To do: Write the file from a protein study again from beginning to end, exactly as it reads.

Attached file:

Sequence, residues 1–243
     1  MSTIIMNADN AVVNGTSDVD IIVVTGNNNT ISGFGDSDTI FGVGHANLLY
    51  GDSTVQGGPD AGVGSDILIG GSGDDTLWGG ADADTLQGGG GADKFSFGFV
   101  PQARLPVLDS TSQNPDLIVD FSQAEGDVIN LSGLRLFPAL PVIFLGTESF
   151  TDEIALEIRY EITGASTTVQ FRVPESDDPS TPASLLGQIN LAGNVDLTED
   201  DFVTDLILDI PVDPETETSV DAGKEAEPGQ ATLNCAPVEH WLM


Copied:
Sequence, residues 1–243
     1  MSTIIMNADN AVVNGTSDVD IIVVTGNNNT ISGFGDSDTI FGVGHANLLY
    51  GDSTVQGGPD AGVGSDILIG GSGDDTLWGG ADADTLQGGG GADKFSFGFV
   101  PQARLPVLDS TSQNPDLIVD FSQAEGDVIN LSGLRLFPAL PVIFLGTESF
   151  TDEIALEIRY EITGASTTVQ FRVPESDDPS TPASLLGQIN LAGNVDLTED
   201  DFVTDLILDI PVDPETETSV DAGKEAEPGQ ATLNCAPVEH WLM